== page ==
The Original Mud Pie Kitchen

In the spring of 2010, after creating what I called a “mud pie kitchen” on our back porch for Larkspur, I wrote a tutorial describing our creative process for a website called Rhythm of the Home.  I wasn’t sure that the editors would even find it worthy of publishing.  But I guess I am far from being the only grown woman with fond memories of making mud pies as a child, because that piece ended up being the most popular ever in the history of Rhythm of the Home!  Mud pie kitchens began springing up all over the internet, and I could hardly believe it!  Over four years later, Larkspur’s enthusiasm for her mud pie kitchen is still strong.  She recently gave her first oral presentation at our homeschool co op and chose to speak about her mud pie kitchen.  I printed the photos from my original piece for her to share with her friends.  After revisiting those photos with Larkspur, I thought it might be a good time to post my original tutorial here.  And while these photos were taken in the spring, Larkspur’s favorite time of year in the mud pie kitchen is fall!

How to make a mud pie kitchen:

The original "How to make a mud pie kitchen" from Ginny Sheller
When I was a child, my favorite activities involved being outdoors immersed in nature. Rather than spend my time playing with an indoor play kitchen, I preferred to make “real” pies from mud. Some of my dearest memories are of afternoons spent sitting on my grandparents’ back porch with a spoon and a couple of small pie tins packed with mud.
Without my prompting, my oldest daughter recently began creating mud pies of her own.

mud pie kitchen setup small things blog
In keeping with this new favorite activity, I set out to create an outdoor mud pie kitchen for all my children. My goal was to keep things simple; leaving plenty of room for imagination. I also wanted to use materials we already had on hand or could obtain secondhand. An old crate turned upside down serves as the base of our kitchen; while a couple of old ammo boxes sitting on top provide a “stove” and a little cupboard. You can be creative with what you have or can obtain easily. I chose to place our little kitchen on our small back porch because my youngest is under two and I like to keep her close. However, it would be equally nice under a shady tree or on a small patio.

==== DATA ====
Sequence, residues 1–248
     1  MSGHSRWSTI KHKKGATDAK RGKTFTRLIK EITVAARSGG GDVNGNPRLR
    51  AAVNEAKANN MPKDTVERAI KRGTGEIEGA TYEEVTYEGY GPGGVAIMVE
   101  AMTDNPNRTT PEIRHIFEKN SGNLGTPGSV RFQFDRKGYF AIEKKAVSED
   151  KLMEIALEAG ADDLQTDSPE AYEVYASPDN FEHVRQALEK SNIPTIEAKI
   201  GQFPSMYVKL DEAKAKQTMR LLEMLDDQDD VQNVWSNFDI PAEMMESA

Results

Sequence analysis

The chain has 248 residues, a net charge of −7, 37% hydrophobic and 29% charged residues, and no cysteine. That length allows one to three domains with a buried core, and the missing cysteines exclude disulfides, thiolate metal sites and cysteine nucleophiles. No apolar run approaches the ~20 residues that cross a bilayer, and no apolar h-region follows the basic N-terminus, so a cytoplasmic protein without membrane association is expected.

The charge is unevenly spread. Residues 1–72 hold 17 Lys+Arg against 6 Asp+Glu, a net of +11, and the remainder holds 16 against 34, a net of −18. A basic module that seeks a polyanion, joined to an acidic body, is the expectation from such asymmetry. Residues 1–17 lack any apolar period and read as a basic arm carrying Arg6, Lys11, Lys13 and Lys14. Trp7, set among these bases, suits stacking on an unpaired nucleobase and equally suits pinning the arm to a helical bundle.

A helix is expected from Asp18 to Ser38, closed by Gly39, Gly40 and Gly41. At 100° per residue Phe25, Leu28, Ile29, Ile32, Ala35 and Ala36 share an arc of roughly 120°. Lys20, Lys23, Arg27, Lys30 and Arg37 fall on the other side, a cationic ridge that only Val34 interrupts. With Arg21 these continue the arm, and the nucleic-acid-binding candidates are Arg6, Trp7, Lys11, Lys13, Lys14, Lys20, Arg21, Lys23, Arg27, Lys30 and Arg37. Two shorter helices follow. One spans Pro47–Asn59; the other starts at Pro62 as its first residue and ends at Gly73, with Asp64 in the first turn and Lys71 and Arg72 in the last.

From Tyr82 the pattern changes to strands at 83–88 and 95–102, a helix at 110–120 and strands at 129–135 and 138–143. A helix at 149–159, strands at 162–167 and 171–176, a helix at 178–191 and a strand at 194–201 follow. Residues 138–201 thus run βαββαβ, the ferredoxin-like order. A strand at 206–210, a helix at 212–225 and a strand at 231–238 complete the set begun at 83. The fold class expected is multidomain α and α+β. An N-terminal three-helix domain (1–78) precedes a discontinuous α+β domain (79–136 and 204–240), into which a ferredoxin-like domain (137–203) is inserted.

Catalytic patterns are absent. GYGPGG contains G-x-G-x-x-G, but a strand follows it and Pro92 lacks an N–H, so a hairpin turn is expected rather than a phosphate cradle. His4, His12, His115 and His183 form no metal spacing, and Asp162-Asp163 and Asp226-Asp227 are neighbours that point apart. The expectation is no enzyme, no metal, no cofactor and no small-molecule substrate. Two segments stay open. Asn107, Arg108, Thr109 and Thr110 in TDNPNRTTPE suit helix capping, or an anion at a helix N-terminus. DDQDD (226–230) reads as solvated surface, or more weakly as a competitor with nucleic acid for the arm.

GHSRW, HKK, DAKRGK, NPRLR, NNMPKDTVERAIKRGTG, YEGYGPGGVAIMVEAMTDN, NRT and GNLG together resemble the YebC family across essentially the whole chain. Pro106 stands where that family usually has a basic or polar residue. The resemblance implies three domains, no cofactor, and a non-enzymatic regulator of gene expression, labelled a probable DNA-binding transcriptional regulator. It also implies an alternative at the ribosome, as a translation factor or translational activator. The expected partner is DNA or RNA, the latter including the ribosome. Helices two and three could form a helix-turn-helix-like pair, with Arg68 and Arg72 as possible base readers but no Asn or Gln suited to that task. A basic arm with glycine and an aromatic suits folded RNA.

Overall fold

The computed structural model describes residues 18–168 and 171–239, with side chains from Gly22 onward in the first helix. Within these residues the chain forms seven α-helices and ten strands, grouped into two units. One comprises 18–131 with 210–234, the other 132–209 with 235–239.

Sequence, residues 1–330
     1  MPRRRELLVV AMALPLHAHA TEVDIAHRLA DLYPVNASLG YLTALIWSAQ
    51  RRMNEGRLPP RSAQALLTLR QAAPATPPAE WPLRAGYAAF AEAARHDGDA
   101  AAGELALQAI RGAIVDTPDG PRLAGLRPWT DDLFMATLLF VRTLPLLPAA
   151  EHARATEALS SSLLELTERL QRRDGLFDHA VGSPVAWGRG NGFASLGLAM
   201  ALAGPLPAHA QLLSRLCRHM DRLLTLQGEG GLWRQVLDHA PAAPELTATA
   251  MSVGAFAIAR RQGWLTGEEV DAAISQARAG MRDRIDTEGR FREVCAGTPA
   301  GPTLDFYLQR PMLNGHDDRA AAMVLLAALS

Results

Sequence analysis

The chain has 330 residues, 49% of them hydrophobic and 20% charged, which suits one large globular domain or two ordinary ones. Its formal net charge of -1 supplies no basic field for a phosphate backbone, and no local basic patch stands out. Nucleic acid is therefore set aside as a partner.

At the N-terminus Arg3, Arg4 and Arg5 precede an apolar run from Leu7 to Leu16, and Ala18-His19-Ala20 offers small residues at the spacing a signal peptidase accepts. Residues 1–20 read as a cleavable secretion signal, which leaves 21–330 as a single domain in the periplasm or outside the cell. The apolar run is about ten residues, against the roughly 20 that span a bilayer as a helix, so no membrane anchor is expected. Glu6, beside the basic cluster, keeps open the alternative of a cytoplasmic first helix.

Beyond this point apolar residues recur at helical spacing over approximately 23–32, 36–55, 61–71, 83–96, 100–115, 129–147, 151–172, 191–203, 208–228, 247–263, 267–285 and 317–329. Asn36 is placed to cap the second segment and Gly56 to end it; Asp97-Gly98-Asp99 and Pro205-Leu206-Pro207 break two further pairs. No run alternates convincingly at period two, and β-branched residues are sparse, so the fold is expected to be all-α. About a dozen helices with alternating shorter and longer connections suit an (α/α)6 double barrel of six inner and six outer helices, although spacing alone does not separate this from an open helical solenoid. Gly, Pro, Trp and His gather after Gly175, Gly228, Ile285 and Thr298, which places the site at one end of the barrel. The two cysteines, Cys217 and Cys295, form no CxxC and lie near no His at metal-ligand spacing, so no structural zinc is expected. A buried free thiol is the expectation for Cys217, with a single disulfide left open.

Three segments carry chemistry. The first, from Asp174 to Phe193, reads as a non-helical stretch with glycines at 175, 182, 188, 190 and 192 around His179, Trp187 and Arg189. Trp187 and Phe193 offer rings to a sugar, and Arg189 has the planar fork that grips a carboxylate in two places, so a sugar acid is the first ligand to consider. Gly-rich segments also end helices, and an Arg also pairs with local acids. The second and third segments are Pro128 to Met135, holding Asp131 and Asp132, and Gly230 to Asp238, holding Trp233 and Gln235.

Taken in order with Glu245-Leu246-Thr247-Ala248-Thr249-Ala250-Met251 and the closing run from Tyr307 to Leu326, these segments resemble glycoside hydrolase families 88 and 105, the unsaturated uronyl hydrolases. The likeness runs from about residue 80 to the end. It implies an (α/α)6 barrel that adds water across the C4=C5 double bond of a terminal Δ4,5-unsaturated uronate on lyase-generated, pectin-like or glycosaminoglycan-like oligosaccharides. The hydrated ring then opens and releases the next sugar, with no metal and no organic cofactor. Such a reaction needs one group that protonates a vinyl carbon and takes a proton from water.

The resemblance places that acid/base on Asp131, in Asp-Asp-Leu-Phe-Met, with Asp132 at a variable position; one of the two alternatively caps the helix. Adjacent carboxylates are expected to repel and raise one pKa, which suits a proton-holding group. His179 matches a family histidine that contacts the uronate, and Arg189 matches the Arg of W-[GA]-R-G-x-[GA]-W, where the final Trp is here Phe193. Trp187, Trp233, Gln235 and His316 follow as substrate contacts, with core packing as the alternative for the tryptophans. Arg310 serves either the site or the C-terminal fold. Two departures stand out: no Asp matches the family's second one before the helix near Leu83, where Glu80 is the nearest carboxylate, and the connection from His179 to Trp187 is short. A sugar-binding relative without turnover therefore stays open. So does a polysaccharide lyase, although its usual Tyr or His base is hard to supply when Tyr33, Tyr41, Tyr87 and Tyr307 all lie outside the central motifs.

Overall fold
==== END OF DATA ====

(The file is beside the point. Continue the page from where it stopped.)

mud pie kitchen tree stump small things blog
Every kitchen needs a table and chairs, and for that purpose we used pieces of wood that never made it to the woodpile last winter. These won’t last forever, but they are working well right now as both little seats and additional workspace.

mud pie kitchen tree stumps and water small things blog
Our dishes, pots, and pans have come from a variety of sources: thrift stores, our own cast offs, and a few little pots and pans that have been received as gifts. Stainless steel and galvanized metal are best because they won’t rust, but we do use old rusty pans as well, namely muffin tins. I have thrifted both full sized and miniature pots and pans. My favorites are the small ones of course. Another good addition is a mortar and pestle. We found ours at an international foods market.

mud pie kitchen table cloth small things blog
Even my older boys like to join in the fun. This is one of my children’s favorite activities to do together despite the fact that they range in age from one all the way up to almost ten. In fact, even I like making mud pies. Seriously, it’s fun.

mud pie kitchen utensils small things blog
My four year old daughter adds special touches like a tablecloth (just a fabric scrap cut out with pinking shears) and fresh flowers.

mud pie kitchen sink small things blog
A little galvanized tub makes a great sink for washing dishes, hands, and providing water for the mud batter. This being the only item I purchased new, was obtained at our local feed store for around five bucks.

mud pie kitchen dirt small things blog
Plenty of dirt is essential. Even if you live in a city apartment without your own patch of soil, a bag of topsoil can be purchased and kept in a bucket on the smallest of patios. Every now and then I provide rice or dry beans as well.